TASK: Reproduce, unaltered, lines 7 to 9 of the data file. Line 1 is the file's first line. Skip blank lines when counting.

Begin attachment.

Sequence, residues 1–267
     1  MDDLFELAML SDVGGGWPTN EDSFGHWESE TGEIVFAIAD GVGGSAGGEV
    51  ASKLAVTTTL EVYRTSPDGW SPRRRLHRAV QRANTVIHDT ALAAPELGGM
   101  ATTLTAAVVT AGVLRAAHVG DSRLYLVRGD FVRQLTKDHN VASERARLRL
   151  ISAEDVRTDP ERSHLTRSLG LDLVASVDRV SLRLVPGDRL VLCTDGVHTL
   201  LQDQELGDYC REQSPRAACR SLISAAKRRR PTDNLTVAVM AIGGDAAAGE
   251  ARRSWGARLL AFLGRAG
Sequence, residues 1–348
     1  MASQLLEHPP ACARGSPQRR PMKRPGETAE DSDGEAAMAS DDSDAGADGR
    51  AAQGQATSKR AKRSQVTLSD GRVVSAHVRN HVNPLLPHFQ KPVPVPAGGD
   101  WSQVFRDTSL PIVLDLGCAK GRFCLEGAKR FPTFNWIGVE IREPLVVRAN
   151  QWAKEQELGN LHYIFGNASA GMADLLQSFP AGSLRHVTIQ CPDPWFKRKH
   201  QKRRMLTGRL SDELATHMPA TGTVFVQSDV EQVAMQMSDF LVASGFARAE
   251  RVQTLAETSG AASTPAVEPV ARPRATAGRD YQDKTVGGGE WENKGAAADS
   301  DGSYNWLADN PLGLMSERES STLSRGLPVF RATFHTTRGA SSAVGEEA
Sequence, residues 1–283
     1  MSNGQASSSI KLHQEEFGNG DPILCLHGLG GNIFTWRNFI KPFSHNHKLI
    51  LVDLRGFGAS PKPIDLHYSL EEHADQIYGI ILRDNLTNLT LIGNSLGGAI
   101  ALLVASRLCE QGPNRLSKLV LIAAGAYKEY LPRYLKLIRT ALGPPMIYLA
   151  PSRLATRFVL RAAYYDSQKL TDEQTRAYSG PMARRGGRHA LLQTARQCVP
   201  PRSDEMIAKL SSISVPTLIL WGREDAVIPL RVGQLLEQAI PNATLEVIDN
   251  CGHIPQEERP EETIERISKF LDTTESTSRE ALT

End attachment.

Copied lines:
   251  ARRSWGARLL AFLGRAG
Sequence, residues 1–348
     1  MASQLLEHPP ACARGSPQRR PMKRPGETAE DSDGEAAMAS DDSDAGADGR